Here, you can earn a bachelor's in criminology and criminal justice in either a traditional or online program. Master's and doctoral degrees in criminology and criminal justice are offered too; these include a fully online master's and a one-year MS in Criminology.
University of Maryland—College Park, MD
Home to the #1 ranked criminology program in the nation, UMD's Department of Criminology and Criminal Justice is a fantastic choice for a criminal justice education.
In the BA in Criminology and Criminal Justice program, students take a variety of classes, covering topics such as corrections, policing, courts and sentences, and criminological theory.
UMD's master's degree program prepares students for careers in private non-profit agencies, the government, and research institutes, while its PhD program aims to help students become criminal justice scholars and teachers.
Conclusion: The Best Criminal Justice Schools
Criminal justice is a popular field of study because it can open up doors to a variety of jobs in law, government, security, etc. While similar to criminology, criminal justice is more about the study of the criminal justice system itself and less about why people commit crimes.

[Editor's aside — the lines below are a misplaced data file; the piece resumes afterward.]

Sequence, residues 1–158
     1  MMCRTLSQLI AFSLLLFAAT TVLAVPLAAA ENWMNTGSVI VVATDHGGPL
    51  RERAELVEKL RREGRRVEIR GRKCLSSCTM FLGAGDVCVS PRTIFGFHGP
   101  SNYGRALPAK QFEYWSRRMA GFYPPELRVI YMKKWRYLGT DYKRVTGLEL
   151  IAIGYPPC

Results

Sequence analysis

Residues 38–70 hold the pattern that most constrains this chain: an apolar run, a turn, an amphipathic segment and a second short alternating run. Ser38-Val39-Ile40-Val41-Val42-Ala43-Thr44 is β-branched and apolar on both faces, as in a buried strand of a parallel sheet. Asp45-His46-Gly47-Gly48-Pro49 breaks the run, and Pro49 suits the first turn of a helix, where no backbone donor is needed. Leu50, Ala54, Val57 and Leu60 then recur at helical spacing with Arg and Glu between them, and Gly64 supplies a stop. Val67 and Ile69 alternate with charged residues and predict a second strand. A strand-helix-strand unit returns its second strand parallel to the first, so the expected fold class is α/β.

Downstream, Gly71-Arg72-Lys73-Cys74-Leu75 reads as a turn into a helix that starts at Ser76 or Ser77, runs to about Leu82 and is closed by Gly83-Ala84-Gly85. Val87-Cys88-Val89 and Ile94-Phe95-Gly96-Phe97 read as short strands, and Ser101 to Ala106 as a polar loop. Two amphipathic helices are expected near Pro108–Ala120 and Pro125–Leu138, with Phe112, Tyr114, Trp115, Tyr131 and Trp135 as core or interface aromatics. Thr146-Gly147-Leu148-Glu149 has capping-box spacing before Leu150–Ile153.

Criminal justice schools are any schools that offer a criminal justice major—and better yet, a criminal justice department or school.
There are many kinds of criminal justice degrees, from associate degrees to doctorates. You can also study an array of related fields at criminal justice schools, such as criminology, criminal law, forensic science, sociology, and paralegal studies.
The best criminal justice schools will have a dedicated criminal justice department, lots of criminal justice-related courses, and stellar faculty. Furthermore, criminal justice online schools can be just as good as, if not better than, traditional criminal justice schools. So if you'd rather earn your degree online, there are plenty of options out there!
After researching dozens of colleges, we came up with a list of the nine best criminal justice schools. These schools are excellent options for all types of students, whether you would rather earn a bachelor's degree or a graduate degree, or prefer to study online over in-person.
In no particular order, here again are the nine best criminal justice schools:
- CUNY John Jay College of Criminal Justice
- Northeastern University
- Pennsylvania State University
- Michigan State University
- University of Cincinnati
- University of California, Irvine
- Sam Houston State University
- Florida State University
- University of Maryland
No matter which of these schools you end up going to, you're sure to get an amazing criminal justice education!
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Hannah received her MA in Japanese Studies from the University of Michigan and holds a bachelor's degree from the University of Southern California. From 2013 to 2015, she taught English in Japan via the JET Program. She is passionate about education, writing, and travel.